The fundamental idea on containment is simple: keep one or more contaminants in or out of an area. Quite literally, a containment is an isolation system. Containment is designed to stop, slow, or control the exchange of one or more contaminants from one spatial environment to another. In the restoration world, we think of it as “specialized.” The truth is, it is so common, we use it, live in it, and work in it every day, no matter what you do for a living. Containment truly permits life on Earth; without containment, Earth would be a dead planet.
So, what is a contaminant? And what are the contaminant(s) that the containment is to control and to what level? Ask a contractor about containment and many think: OSHA = Engineering Control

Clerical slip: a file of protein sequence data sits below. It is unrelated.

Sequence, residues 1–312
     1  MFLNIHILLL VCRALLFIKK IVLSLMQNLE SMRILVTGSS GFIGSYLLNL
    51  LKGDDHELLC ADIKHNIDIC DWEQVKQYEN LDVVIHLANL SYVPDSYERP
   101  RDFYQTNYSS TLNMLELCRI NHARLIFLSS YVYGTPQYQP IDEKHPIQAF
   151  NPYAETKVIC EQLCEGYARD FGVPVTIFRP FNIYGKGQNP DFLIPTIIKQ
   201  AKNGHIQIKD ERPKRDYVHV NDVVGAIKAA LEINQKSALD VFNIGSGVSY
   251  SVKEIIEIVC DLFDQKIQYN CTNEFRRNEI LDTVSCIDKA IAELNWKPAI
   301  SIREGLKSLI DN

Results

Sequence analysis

A contaminant may be defined as: A polluting or poisonous substance that makes something impure (as in the Apple dictionary), undesired substances (as in the S500), or something that makes a place or a substance no longer suitable for use (as defined in the Merriam-Webster dictionary).
Each individual contaminant may have containment specifications and/or personal exposure limits required by OSHA or other authoritative bodies. Some examples:
The full list of contaminants and their desired control level must be determined in order to design and deploy a proper containment. Let’s start with an every day basic scenario.
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